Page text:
Then we can easily address the gun-sensor connection. A gun will have a Bluetooth module, a microcontroller (much smaller) and an infrared LED. And a battery, lens and two buttons: trigger and connect. The connect button allows to connect a gun to a Practically a gun will transmit through the LED whatever it receives from the smartphone through the Bluetooth receiver. There is still a microcontroller, but it is “thinner”, smaller and cheaper.

This way a gun can be handled by more than one player, of course, not at the same time. And the gun can be built as a module that can be mounted as a scope on any existing guns, like an airsoft gun. So you also have a wide selection and even blow-back guns.

And the sensors, mounted on the vest, headband or both, will connect directly to the smartphone and will be the ones to control the “life” points. It can connect to the smartphone through Bluetooth or USB, but then the smartphone must support USB OTG (which is becoming more and more frequent). And this will be solving another issue: battery. I know that the smartphone usually has a smaller battery life, but external power banks are now cheaper and common and many will most probably already have one. For convenience you can even have the smartphone on your favorite armband. So the sensor vest, maybe connected with a headband, will be just a network of infrared receiver with different circuits if you want different weight of hits. This way the system allows head shots for the most skilful ones. The vest can be connected only to one smartphone and if the “life” points are drained, then the app will declare the player dead who will be able to transmit to the gun.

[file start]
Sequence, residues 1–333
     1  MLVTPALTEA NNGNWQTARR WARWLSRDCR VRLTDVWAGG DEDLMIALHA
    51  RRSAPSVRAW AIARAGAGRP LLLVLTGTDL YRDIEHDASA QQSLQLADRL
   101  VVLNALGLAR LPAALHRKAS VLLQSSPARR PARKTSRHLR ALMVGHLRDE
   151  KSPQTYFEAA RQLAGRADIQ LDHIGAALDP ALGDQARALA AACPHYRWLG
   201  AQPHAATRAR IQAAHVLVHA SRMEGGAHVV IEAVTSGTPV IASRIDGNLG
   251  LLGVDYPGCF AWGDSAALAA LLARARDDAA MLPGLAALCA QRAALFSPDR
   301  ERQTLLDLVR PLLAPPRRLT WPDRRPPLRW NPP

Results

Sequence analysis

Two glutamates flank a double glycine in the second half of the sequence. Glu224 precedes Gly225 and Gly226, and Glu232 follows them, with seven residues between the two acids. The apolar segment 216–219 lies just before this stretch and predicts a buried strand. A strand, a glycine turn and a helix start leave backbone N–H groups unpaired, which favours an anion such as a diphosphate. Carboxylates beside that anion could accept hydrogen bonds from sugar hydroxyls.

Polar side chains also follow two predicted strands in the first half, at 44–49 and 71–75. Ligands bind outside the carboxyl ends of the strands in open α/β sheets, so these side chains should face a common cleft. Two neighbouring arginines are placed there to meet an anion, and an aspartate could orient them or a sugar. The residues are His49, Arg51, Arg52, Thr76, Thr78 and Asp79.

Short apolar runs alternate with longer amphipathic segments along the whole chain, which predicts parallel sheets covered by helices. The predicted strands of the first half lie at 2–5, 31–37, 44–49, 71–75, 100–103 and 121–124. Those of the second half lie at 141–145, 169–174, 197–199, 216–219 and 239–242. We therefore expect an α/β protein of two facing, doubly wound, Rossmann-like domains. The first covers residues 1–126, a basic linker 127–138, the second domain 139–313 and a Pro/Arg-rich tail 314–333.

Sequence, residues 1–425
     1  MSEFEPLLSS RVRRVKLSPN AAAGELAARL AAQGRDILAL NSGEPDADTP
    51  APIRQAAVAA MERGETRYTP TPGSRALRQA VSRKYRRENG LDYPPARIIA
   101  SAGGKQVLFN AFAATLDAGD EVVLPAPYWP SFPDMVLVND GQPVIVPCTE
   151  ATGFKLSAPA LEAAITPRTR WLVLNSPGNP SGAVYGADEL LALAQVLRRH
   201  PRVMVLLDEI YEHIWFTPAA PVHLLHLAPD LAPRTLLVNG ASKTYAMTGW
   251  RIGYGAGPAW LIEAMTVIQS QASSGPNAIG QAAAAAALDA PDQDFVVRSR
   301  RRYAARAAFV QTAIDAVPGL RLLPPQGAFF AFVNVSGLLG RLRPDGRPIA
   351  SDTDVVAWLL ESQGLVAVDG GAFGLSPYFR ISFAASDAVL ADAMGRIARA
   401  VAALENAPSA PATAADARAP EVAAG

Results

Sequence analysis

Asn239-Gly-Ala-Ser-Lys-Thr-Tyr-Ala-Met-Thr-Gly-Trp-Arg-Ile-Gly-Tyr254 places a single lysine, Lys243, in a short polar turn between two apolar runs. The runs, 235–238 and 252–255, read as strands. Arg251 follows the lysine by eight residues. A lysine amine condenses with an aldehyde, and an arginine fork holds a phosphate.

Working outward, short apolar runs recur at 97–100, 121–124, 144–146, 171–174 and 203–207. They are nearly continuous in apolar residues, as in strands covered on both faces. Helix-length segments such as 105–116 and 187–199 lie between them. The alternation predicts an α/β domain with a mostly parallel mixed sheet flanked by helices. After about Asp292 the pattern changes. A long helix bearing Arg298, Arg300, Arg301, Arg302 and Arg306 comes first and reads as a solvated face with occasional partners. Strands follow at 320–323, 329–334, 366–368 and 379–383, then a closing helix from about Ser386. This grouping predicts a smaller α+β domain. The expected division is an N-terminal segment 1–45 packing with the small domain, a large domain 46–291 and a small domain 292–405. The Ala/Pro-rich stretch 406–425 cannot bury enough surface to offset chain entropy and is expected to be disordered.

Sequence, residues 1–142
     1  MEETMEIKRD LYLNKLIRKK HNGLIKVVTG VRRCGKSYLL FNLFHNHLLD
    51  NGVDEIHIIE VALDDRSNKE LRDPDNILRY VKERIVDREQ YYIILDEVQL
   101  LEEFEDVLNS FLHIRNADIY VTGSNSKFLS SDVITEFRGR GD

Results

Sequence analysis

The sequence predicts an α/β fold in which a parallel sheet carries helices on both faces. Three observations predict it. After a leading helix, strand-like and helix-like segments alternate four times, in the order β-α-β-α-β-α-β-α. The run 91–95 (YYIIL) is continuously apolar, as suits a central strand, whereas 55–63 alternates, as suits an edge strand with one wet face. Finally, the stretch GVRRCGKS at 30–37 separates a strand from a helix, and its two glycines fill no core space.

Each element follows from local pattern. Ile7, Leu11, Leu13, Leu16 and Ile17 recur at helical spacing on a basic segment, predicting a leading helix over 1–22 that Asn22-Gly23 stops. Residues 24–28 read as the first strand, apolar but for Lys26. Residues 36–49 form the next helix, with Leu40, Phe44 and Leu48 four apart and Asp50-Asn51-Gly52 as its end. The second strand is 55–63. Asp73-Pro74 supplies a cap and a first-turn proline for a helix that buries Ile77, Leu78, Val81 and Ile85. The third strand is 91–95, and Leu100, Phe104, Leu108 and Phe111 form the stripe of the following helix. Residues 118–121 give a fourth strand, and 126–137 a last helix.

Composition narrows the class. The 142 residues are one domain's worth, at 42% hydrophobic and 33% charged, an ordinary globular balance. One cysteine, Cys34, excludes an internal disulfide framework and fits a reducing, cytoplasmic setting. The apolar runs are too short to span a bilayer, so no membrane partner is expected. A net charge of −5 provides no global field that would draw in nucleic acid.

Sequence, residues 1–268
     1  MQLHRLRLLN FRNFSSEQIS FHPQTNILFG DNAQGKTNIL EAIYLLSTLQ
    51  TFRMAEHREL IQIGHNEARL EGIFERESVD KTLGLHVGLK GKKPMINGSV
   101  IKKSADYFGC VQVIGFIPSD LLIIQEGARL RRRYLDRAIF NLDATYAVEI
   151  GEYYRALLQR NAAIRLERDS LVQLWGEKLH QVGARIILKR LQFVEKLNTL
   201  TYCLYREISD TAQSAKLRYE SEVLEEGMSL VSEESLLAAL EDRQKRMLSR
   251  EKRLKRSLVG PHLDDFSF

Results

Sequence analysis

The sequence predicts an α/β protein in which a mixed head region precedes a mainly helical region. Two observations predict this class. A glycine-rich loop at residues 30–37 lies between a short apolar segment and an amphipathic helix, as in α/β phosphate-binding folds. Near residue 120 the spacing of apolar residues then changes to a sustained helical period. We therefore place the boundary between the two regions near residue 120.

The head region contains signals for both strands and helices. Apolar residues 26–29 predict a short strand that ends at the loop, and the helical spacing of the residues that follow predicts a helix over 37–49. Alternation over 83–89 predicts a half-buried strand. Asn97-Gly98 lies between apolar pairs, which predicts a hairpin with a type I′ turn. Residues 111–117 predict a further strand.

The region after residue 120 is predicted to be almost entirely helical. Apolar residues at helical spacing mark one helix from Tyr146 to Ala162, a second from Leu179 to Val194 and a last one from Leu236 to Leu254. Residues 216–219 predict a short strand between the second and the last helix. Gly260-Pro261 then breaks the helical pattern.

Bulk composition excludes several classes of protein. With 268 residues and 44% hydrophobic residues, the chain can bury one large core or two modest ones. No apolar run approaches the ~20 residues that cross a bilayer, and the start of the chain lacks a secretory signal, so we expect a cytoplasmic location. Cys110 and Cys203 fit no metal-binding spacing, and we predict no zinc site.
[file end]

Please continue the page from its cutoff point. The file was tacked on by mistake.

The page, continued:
Now going back to the laser tag system as a smartphone app. What new features does this bring?

Practically there’s no smartphone without GPS. Now imagine that you can have a map on which you can see the position of your troops (and even their “life” points status), you can launch virtual airstrikes and even set up virtual proximity mines (with friendly fire or not) . It does bring new dimensions to the game, isn’t it? And if the smartphone is actually a Google Glass-like device, augmented reality will open new opportunities. You can have this on a smartphone too, but, if not mounted somehow on the gun, it is harder to handle to actually view the augmented reality..

New games can be easily invented, like capture the hill or capture the flag (virtual flags). If you pass a certain area, you capture a flag and a notification can be sent to everyone. Even games like escorting prisoners are easy within reach.

Customization now becomes the sweetest part of such a system. Beside the “life” points, you can have armour. Or doctors. Or prisoners. Or you can even do virtual drop-off that can be picked up by players by just going in the exact area. They can contain drugs (life points), armour, shells.

And to have it all, if you build such a system in a plug-in-able way, then anyone can develop new guns, games or any other feature and share them with the entire community. Imagine that you use PhoneGap and everyone can develop a plugin using JavaScript. A web laser combat game – just wow!

Now to talk a little bit about the price, production price I mean. The gun module has a Bluetooth chip, a microchip, an infrared LED, a lens, a battery enclosure and two buttons. The parts are all probably under $40. The sensor vest and headband have infrared receivers, microchip and USB connector. All together under $40. So you have a full featured laser combat system, easy extendable through software plug-ins for under $100. But this without counting the smartphone, power bank and software. But if the latter would be a community open-source effort … Maybe soon …